In Freeman’s view, the process of perception and action is not a two-way matter of inputs and outputs, but a one-way street of action on the world. Many people would agree that perception is an active business, not just a passive reception of impressions, but the idea that it consists entirely of action on the world sounds bonkers, and in fact Freeman does allow the outside world to influence our behaviour – the point is that all the ideas and interpretations bubble up from inside, and merely survive or fail to survive the impact of external reality. This is rather reminiscent of Edelman’s views and his analogy with the immune system, but Freeman draws from it the rather bleak conclusion that we are all, in a sense, in a state of solipsistic isolation from the world.

This creates a special problem for Freeman: how is it that we ever manage to overcome our isolation and communicate with each other? He sees social interaction as playing a mediating role, with processes rather similar to those which go on in the brain operating in the wider social sphere – though not so similar that society itself becomes a conscious entity. Freeman has a number of ideas about signalling and communication to offer, but I’m not sure he really manages to deal with the underlying problem, and it remains a weak spot in the theory.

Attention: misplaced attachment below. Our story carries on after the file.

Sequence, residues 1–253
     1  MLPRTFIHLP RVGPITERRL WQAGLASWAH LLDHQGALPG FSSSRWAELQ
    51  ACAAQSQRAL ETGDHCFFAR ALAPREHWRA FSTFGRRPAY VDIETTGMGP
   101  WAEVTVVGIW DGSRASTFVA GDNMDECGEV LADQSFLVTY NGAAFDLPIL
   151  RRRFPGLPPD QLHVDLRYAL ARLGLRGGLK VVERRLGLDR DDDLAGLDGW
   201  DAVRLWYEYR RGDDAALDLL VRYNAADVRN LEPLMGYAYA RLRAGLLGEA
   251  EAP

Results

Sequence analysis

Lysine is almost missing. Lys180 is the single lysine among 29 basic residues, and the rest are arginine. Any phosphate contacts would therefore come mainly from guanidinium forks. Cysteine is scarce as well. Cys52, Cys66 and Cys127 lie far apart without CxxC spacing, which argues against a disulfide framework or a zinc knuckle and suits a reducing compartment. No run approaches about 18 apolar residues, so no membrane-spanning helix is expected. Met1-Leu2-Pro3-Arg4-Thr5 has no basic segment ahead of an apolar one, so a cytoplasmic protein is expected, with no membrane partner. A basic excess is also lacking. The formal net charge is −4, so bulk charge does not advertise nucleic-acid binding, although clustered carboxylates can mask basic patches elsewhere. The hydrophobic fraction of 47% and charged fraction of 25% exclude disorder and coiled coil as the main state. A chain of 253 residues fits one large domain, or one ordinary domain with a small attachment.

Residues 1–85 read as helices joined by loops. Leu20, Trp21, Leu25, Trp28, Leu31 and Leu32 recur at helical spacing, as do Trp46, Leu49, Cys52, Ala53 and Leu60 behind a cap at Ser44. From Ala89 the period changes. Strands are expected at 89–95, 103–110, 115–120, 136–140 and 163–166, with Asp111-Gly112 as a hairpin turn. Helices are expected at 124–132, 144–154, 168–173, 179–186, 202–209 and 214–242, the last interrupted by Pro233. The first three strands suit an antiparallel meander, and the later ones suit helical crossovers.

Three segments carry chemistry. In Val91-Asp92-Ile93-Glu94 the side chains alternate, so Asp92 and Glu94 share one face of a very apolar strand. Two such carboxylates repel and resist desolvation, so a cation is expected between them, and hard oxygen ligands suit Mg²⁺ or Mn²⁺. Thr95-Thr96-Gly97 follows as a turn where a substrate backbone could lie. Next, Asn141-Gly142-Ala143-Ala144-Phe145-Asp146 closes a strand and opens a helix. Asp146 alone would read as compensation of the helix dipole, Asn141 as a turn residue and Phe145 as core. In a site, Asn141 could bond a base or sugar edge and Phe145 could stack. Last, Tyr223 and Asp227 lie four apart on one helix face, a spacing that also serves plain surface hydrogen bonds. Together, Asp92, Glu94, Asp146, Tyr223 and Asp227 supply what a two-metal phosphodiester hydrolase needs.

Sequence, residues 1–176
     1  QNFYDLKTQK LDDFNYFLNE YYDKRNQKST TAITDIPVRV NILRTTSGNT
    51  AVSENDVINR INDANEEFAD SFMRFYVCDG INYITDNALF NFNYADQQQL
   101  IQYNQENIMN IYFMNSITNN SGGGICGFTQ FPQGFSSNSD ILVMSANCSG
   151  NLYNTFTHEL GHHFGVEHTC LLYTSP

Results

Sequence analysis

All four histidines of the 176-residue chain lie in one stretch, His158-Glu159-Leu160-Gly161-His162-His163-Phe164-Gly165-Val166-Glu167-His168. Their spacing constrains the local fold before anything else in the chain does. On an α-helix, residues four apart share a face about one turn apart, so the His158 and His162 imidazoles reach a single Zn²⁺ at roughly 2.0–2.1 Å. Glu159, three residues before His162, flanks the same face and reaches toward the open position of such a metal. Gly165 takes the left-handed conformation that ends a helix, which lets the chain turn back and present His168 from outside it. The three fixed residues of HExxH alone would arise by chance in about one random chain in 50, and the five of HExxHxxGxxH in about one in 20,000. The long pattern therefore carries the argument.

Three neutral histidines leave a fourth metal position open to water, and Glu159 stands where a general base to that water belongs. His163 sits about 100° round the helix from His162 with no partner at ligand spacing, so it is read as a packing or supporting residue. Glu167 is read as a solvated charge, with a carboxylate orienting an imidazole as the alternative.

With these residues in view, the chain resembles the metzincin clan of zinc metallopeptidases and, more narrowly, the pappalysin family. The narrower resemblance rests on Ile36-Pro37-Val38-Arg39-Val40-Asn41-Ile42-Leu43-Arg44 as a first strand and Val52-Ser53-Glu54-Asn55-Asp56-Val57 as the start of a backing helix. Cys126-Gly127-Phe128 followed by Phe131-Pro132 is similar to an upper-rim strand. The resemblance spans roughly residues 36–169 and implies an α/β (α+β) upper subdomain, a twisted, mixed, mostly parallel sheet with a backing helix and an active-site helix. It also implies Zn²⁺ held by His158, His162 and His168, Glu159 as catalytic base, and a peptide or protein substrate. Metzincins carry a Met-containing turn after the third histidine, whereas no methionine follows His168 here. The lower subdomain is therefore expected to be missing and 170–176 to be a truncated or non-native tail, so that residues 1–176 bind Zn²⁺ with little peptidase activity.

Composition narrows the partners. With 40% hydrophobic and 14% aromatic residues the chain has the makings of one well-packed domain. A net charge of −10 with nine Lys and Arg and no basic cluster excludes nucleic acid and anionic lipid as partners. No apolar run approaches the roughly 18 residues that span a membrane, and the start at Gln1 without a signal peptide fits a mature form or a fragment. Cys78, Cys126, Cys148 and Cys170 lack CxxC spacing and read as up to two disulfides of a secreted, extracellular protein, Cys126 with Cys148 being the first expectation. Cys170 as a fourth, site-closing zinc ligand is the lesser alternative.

What, then is the answer on free will? At times Freeman seems to assert free will, while at others he seems to deny it: in fact he ultimately considers the question an ill-formed one. We see actions in terms of freedom or determinism because we are wedded to linear causality, even though we know that it does not provide an adequate view of the world, and that circular causality and more sophisticated perspectives are often more appropriate. For the swirling chaotic patterns of the brain, dynamic analysis is a more appropriate tool than those based on linear causation, and when we apply it correctly, the old opposition between free and determined is no longer an issue.

There’s something in this, undoubtedly, but it doesn’t dispel the sense of mystery which has made the old debate such a long-running philosophical staple. There does seem, intuitively at least, to be something uniquely odd about the causality of our minds, but if the problem arose entirely from a lack of dynamic analysis, we should surely find some of the causality of the normal world more mysterious than we do?